Let us now examine one definition we found, among many, of caring thinking. “Caring thinking means that persons take each other as seriously as they wish to be taken”. At that point, in order to problematize the definition, we would like to oppose to this scheme what we will call the “not caring thinking”, in order to see what happens. We have observed in many P4C discussions that indeed participants take themselves seriously. In fact, too seriously. We must add here that in many such discussions laughter is often banned, if not taboo. Laughter being perceived as a form of disrespect, as is often thought by some teachers, who explicitly prohibit it. Indeed, we want to be taken seriously when we speak, and why not! We want our thinking to be valued and not derided. But at the same time, this taking ourselves seriously prohibits us from thinking, as we see in many philosophy professors. (Aside from the U.K. where self-irony is an almost obligatory behavior for professors in order to look smart and liberated.) But we had noticed in our practice that at a very early age, as soon as 5 years old, problems of logic are linked to laughter. Any perception of paralogism produces an enjoyment in the children, such as when we tell stories about crazy people, or traditional tales like the ones of Nasruddin. In other words: no laughter, no critical thinking. Now of course, one can laugh nervously, stupidly or aggressively, and since laughter in an emotional issue, like any other emotions, it can be educated. Just like critical thinking, caring thinking is a practice in itself, that implies a certain attitude, a simultaneous desire to confront the other and oneself and sympathize with him, as well as the development of certain skills. Just like in the martial arts, where one learns to fight while learning a profound respect for the other.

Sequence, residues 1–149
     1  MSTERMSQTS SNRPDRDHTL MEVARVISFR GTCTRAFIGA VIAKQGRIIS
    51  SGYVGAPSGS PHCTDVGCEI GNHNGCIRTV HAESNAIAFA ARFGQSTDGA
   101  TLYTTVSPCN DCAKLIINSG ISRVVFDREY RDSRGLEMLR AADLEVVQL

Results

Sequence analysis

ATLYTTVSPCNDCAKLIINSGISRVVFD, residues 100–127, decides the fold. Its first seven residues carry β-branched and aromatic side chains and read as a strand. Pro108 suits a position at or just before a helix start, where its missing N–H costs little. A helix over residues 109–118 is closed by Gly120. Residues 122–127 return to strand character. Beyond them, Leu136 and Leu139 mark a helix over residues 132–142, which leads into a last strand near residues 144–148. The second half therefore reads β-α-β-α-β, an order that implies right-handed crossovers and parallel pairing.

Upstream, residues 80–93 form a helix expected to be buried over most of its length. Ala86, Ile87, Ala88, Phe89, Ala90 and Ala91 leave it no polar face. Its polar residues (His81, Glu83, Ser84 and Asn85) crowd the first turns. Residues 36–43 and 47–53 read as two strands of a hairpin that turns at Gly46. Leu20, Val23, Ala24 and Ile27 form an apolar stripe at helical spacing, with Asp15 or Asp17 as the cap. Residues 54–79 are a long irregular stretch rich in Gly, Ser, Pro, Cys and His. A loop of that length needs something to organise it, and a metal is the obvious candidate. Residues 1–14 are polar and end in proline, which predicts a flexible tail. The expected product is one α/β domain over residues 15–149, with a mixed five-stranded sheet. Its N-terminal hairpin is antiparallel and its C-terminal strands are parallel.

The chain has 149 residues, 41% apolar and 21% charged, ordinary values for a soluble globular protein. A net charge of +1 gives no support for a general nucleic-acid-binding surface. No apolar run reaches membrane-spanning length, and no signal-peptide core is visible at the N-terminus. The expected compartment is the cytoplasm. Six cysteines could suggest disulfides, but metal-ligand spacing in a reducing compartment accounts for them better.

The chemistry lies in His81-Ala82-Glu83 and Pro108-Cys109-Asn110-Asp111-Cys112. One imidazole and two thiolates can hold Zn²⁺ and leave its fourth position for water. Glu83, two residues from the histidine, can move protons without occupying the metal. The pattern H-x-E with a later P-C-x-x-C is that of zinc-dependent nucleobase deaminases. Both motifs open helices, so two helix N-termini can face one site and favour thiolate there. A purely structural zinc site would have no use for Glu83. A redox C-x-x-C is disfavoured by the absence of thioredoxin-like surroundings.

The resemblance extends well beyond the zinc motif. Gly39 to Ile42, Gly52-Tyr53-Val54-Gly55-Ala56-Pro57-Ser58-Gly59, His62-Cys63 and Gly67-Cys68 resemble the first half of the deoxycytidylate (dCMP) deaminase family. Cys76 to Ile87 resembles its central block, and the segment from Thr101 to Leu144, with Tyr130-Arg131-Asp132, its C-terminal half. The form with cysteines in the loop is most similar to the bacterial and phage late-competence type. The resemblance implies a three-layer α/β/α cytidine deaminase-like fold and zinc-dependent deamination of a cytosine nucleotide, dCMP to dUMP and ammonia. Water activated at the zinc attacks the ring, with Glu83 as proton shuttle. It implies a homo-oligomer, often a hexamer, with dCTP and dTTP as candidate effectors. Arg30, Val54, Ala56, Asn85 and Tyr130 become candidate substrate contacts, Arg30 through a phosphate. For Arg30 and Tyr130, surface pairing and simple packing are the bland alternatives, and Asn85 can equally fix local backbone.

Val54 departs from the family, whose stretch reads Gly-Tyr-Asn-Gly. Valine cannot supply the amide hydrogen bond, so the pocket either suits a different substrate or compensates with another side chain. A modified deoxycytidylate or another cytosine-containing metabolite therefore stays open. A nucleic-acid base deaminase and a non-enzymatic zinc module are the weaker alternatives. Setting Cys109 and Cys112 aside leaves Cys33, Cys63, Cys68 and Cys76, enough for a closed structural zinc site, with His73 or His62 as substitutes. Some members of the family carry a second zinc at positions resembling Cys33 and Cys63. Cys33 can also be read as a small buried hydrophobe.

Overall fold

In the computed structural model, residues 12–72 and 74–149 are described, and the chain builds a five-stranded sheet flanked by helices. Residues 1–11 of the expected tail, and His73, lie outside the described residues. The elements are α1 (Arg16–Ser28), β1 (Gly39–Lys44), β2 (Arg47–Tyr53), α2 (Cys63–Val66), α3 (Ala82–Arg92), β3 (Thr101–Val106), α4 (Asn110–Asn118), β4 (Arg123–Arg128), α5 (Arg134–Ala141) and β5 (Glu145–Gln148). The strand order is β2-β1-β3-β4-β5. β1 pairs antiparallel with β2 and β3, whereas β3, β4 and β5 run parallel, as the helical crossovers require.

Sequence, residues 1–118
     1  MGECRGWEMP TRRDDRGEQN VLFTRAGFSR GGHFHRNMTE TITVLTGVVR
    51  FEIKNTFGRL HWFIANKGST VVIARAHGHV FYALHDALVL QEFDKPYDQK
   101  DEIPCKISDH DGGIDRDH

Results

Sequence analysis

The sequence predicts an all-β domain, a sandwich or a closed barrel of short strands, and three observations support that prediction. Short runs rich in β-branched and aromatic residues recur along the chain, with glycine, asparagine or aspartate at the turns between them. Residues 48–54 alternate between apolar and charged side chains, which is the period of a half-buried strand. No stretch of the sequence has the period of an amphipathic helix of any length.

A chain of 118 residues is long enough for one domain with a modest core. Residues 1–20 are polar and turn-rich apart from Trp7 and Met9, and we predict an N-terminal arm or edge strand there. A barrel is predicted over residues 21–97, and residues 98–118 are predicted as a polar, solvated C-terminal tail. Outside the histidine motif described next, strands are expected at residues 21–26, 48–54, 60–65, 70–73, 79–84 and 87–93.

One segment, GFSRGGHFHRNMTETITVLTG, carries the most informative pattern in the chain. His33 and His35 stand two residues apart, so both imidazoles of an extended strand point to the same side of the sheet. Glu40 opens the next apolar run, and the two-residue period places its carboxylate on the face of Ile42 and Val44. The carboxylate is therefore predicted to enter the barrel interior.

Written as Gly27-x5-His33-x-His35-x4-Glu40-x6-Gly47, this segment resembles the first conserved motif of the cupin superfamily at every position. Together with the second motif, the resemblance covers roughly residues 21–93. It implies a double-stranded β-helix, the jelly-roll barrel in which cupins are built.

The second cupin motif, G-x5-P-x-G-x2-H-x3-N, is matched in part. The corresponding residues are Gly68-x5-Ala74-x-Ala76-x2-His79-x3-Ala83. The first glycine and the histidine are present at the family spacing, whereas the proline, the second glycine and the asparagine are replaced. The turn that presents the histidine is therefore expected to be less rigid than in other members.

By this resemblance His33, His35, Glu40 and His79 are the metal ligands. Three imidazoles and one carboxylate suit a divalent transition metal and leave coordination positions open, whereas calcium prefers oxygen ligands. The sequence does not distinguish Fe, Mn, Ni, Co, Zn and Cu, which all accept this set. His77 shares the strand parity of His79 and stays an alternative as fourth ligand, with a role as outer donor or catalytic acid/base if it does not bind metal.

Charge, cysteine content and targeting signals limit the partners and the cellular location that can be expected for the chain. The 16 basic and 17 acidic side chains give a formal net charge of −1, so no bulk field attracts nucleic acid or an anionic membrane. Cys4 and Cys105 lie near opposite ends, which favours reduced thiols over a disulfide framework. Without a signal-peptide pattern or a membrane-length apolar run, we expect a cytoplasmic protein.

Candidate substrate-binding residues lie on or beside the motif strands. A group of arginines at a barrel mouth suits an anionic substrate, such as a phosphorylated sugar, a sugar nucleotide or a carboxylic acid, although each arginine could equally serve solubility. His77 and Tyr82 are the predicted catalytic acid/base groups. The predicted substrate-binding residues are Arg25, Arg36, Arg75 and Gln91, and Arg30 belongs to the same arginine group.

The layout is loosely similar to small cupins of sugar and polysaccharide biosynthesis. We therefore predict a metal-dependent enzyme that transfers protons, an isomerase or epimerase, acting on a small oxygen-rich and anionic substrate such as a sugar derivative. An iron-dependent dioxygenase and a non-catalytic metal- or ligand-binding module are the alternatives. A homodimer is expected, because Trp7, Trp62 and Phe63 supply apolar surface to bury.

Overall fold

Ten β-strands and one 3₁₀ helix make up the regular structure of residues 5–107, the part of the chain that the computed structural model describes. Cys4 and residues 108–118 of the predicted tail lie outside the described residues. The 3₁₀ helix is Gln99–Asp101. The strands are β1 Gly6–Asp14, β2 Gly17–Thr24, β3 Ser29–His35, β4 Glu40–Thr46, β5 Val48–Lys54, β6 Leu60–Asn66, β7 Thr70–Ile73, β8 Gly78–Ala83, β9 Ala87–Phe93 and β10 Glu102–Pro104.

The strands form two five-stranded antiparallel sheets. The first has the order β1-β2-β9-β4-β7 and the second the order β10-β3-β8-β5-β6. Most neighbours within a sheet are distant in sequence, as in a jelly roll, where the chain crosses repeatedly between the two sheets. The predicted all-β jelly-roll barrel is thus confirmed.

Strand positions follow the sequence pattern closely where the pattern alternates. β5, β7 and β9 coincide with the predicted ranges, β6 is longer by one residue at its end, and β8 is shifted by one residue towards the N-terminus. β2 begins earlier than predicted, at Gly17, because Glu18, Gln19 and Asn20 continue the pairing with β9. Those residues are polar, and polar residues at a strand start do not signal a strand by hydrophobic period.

“Take off your shirt, and come for the body to body”, says Socrates. And that is why he does not like long speeches but short statements and questions. And let’s not forget that caring for the others in antiquity, had often to do more with passion, including the agonistic and violent dimension of it, than with some soft passive mental state often called “feeling”. Although we could attempt to distinguish here the wild and violent frenzy of eros, the calm and patient philia and the ascetic agape. They of course produce different forms of caring thinking, different types of relationship to others.
Another argument that we should briefly mention, to justify reason as the form par excellence of caring thinking, is the fact that it can pretend to universality, probably much more than emotions, that are very personal, much more cultural and individual history dependant. Strangely enough, if one wants to share his emotion with someone, he has to be able to explain what he is feeling, take some distance from it in order to give it a name, or provide an explanation without which the other one will be blind to his personal situation. We might feel something at the sight of the person that is expressing emotion, but if he cannot master the words to express it and we ignore what caused the emotion, we will hardly be able to share it. Reason seems paradoxically to constitute a condition for sharing emotions.